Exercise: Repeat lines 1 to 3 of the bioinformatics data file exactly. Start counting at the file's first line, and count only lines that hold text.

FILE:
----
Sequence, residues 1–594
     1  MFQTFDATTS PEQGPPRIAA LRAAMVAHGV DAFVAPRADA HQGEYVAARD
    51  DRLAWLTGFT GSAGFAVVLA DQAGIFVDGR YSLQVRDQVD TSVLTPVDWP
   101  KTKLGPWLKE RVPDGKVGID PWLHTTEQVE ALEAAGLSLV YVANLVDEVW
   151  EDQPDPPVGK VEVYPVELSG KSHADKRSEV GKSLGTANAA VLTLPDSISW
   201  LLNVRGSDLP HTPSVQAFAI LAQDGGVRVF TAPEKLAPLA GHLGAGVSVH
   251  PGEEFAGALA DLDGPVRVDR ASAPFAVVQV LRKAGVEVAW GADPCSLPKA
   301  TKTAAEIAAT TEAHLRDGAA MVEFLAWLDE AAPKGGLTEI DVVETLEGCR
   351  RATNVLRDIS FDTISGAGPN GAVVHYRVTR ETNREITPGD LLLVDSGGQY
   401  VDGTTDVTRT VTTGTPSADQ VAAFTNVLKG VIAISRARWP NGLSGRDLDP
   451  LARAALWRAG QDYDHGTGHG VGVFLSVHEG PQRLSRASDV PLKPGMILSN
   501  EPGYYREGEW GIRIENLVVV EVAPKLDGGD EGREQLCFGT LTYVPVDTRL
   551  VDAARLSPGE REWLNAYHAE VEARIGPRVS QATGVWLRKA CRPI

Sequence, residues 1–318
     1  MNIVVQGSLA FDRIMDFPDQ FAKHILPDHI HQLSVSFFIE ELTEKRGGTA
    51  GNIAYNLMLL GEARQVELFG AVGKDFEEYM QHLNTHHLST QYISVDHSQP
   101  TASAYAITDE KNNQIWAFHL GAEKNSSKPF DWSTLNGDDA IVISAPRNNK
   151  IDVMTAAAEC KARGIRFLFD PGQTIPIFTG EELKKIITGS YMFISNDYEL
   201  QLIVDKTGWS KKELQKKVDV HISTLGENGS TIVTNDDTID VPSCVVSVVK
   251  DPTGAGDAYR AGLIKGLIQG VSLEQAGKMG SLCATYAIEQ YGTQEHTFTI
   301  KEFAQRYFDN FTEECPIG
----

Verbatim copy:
Sequence, residues 1–594
     1  MFQTFDATTS PEQGPPRIAA LRAAMVAHGV DAFVAPRADA HQGEYVAARD
    51  DRLAWLTGFT GSAGFAVVLA DQAGIFVDGR YSLQVRDQVD TSVLTPVDWP